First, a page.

What is the difference between this two call? (Is there any?)
// 1.
new BigDecimal("3.53456").round(new MathContext(4, RoundingMode.HALF_UP));
// 2.
new BigDecimal("3.53456").setScale(4, RoundingMode.HALF_UP);
What is the difference between this two call? (Is there any?)
// 1.
new BigDecimal("3.53456").round(new MathContext(4, RoundingMode.HALF_UP));
// 2.
new BigDecimal("3.53456").setScale(4, RoundingMode.HALF_UP);
One important point that is alluded to but not directly addressed is the difference between "precision" and "scale" and how they are used in the two statements. "precision" is the total number of significant digits in a number. "scale" is the number of digits to the right of the decimal point.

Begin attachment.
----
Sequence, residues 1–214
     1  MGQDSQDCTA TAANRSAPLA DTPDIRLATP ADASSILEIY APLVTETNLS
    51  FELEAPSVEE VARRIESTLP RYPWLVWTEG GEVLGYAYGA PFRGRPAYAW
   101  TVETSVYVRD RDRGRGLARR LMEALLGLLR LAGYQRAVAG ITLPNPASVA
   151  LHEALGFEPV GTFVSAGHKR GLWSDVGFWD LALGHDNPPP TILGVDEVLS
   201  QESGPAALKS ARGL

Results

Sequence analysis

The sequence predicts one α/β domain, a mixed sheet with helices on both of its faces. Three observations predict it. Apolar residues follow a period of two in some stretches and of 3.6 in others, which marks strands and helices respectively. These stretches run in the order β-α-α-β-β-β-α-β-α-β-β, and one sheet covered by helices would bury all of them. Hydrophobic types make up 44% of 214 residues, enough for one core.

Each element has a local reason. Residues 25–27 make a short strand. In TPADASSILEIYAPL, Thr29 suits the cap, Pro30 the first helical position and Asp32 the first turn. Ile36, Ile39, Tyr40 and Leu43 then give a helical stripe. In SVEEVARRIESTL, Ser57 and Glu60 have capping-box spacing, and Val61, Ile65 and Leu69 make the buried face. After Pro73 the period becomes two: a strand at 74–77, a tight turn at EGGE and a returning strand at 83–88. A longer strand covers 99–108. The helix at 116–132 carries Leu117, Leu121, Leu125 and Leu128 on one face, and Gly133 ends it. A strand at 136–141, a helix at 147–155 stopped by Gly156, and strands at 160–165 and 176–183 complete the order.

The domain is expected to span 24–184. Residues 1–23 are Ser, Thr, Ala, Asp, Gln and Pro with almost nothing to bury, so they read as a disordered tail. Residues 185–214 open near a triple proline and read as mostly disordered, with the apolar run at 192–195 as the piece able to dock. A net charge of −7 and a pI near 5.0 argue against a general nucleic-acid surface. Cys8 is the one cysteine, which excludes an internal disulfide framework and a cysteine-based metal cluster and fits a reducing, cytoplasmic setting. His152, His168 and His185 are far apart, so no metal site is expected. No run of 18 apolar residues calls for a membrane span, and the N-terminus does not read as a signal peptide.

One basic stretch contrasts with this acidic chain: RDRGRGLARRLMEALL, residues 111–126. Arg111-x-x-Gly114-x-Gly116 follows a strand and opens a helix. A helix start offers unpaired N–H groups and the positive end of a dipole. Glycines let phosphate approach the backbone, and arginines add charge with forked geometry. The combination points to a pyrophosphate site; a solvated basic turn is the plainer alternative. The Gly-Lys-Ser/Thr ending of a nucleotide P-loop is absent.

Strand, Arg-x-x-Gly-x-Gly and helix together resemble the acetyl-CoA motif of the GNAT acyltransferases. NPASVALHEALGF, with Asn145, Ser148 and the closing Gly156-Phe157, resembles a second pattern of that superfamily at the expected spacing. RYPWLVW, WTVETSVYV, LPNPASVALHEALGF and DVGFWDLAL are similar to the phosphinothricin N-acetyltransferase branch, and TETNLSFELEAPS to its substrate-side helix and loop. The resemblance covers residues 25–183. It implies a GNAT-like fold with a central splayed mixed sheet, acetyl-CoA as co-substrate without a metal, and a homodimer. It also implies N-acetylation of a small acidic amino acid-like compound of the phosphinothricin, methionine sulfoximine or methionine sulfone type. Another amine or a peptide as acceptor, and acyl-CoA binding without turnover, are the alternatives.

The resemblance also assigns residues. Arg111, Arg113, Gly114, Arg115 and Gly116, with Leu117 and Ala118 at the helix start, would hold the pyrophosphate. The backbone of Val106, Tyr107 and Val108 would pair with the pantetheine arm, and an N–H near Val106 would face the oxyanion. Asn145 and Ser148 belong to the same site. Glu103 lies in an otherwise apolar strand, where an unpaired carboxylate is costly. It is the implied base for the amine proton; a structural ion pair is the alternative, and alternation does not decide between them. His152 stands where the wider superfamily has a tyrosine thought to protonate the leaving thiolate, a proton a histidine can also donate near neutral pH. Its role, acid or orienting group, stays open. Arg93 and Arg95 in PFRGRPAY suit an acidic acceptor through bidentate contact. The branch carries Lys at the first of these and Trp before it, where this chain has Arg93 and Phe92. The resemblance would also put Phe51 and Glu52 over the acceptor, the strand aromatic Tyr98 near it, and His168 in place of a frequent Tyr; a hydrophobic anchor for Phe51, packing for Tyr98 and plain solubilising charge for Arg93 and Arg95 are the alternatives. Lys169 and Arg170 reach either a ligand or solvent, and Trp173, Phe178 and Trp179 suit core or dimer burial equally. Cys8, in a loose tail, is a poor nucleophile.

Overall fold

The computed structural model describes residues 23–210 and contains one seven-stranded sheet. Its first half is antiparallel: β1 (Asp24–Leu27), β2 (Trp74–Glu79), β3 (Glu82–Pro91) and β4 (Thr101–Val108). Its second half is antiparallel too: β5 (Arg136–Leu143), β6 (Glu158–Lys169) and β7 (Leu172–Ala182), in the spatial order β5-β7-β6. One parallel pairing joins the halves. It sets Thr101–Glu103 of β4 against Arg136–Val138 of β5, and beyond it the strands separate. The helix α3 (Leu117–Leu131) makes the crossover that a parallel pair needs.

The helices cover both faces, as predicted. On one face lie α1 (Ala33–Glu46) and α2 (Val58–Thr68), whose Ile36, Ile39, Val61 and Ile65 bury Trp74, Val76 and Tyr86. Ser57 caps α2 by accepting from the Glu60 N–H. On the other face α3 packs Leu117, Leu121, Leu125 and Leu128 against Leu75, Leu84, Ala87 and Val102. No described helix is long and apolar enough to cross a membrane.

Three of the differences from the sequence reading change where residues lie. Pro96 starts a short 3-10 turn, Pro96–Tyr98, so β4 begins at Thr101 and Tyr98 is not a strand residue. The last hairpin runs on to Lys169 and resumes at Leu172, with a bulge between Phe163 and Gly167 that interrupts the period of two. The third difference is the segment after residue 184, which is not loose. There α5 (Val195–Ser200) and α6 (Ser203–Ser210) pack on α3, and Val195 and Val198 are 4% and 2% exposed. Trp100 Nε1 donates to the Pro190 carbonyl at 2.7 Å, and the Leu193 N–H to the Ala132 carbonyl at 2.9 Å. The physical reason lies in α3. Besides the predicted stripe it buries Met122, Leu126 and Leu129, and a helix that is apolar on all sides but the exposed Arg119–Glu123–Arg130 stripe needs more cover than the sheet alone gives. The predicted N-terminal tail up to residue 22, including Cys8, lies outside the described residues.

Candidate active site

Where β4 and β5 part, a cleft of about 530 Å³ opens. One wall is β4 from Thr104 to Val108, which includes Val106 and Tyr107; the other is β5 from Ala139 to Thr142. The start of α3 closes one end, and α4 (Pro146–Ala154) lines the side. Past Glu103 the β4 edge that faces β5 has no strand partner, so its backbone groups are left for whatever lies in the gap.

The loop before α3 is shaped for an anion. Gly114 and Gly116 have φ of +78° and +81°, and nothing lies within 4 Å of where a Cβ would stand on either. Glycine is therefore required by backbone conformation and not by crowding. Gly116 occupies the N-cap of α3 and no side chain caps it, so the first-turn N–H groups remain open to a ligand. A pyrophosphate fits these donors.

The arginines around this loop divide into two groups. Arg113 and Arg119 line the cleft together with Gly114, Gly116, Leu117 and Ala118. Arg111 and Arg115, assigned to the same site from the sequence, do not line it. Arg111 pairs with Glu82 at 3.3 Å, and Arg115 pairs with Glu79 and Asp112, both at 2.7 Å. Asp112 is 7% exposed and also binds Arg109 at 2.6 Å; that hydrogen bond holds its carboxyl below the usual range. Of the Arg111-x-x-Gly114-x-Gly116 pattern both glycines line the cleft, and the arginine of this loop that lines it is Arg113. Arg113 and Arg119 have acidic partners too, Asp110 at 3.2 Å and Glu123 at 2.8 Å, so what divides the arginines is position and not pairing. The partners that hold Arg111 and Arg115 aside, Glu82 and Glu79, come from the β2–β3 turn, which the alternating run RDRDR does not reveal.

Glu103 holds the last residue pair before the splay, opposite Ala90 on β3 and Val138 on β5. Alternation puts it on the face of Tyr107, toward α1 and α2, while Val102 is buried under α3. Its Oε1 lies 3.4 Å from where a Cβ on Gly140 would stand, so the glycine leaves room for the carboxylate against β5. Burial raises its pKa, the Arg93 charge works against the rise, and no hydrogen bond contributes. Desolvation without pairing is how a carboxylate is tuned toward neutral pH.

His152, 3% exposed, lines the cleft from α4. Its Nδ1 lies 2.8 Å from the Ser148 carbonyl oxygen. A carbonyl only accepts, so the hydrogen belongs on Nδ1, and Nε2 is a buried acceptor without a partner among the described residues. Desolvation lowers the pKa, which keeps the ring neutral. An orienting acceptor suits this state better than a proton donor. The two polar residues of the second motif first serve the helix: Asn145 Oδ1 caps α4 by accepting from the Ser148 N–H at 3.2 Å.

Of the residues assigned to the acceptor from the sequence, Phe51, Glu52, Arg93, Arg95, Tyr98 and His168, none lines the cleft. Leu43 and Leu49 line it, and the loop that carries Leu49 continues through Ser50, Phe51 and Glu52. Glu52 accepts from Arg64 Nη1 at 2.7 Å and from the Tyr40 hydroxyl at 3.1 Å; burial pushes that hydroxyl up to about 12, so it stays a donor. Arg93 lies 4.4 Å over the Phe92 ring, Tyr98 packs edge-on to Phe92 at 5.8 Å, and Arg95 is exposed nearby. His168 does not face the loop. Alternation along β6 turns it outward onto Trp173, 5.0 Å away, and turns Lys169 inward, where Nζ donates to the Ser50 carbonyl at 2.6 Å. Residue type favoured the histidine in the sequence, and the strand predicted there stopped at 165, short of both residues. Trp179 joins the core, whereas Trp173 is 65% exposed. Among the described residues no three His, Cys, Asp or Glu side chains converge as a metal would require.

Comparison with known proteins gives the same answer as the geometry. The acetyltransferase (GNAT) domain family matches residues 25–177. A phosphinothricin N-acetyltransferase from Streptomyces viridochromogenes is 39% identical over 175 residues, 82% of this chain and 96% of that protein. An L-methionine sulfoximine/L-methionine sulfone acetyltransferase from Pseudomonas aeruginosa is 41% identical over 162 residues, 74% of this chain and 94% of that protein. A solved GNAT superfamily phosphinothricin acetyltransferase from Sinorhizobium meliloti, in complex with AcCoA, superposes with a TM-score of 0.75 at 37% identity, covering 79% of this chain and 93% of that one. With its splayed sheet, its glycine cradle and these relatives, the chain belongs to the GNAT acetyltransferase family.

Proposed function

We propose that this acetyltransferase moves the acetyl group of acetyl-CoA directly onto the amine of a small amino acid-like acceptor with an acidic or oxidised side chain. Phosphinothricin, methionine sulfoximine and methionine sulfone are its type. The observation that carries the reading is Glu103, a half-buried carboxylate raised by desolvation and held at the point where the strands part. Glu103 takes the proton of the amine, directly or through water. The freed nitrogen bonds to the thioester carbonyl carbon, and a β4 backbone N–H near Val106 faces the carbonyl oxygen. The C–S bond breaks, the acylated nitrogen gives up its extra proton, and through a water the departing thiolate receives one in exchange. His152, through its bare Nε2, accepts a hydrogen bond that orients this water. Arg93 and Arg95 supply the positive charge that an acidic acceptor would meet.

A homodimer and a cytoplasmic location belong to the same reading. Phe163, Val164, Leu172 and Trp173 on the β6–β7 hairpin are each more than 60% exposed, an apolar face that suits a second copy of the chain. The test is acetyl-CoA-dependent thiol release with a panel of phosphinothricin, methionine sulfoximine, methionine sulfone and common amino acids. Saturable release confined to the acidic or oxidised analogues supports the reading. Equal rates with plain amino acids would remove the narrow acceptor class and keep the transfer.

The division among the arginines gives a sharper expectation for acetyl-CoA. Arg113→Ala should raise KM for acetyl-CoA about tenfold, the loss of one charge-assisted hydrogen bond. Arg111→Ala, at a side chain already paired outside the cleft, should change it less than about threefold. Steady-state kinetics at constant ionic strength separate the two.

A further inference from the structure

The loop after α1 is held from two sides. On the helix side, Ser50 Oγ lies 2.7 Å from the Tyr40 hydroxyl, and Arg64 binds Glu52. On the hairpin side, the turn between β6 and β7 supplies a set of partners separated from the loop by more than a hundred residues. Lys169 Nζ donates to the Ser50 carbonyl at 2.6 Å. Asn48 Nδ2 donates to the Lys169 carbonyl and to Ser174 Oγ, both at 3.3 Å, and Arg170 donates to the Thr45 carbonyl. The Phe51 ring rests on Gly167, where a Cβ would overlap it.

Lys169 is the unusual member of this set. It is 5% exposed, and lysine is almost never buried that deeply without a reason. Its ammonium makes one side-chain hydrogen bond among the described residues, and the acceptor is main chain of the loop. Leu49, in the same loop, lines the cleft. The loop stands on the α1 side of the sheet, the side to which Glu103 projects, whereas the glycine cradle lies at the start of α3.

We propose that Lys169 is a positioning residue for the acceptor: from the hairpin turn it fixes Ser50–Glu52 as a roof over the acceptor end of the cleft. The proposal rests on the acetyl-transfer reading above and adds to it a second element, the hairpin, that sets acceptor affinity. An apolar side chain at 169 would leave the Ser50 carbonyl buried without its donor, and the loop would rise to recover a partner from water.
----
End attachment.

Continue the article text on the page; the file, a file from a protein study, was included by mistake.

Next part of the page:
The MathContext constructor only accepts precision and RoundingMode as arguments, and therefore scale is never specified in the first statement.
setScale()
obviously accepts scale as an argument, as well as RoundingMode, however precision is never specified in the second statement.
If you move the decimal point one place to the right, the difference will become clear:
// 1.
new BigDecimal("35.3456").round(new MathContext(4, RoundingMode.HALF_UP));
//result = 35.35
// 2.
new BigDecimal("35.3456").setScale(4, RoundingMode.HALF_UP);
// result = 35.3456
There is indeed a big difference, which you should keep in mind. setScale really set the scale of your number whereas round does round your number to the specified digits BUT it "starts from the leftmost digit of exact result" as mentioned within the jdk. So regarding your sample the results are the same, but try 0.0034 instead. Here's my note about that on my blog:
http://araklefeistel.blogspot.com/2011/06/javamathbigdecimal-difference-between.html
round
method also returns a new instance of BigDecimal because, as you said, the instances are immutable. – megaflop Nov 18 '16 at 14:46